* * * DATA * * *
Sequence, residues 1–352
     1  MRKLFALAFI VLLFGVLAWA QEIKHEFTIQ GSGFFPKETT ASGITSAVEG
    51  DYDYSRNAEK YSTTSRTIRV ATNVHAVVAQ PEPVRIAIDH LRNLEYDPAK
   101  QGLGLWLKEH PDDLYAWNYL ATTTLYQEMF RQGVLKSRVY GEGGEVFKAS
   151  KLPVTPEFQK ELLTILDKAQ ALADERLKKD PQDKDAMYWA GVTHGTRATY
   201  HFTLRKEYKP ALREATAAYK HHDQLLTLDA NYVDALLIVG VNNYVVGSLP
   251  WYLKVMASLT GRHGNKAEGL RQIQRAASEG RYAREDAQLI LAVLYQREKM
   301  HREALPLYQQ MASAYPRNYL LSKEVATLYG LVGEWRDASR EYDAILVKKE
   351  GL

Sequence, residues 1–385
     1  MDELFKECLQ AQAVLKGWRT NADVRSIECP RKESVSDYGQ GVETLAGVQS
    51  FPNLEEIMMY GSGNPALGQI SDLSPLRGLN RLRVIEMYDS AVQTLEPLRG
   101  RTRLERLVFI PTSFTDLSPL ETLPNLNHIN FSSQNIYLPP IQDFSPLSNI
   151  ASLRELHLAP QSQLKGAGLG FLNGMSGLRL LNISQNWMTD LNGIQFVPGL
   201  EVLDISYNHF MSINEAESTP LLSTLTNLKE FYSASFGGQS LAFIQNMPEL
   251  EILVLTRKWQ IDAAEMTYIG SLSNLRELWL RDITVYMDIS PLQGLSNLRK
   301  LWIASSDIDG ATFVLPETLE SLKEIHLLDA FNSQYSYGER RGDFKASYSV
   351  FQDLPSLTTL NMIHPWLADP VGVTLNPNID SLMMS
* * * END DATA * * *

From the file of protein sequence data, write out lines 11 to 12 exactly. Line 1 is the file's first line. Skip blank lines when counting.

     1  MDELFKECLQ AQAVLKGWRT NADVRSIECP RKESVSDYGQ GVETLAGVQS
    51  FPNLEEIMMY GSGNPALGQI SDLSPLRGLN RLRVIEMYDS AVQTLEPLRG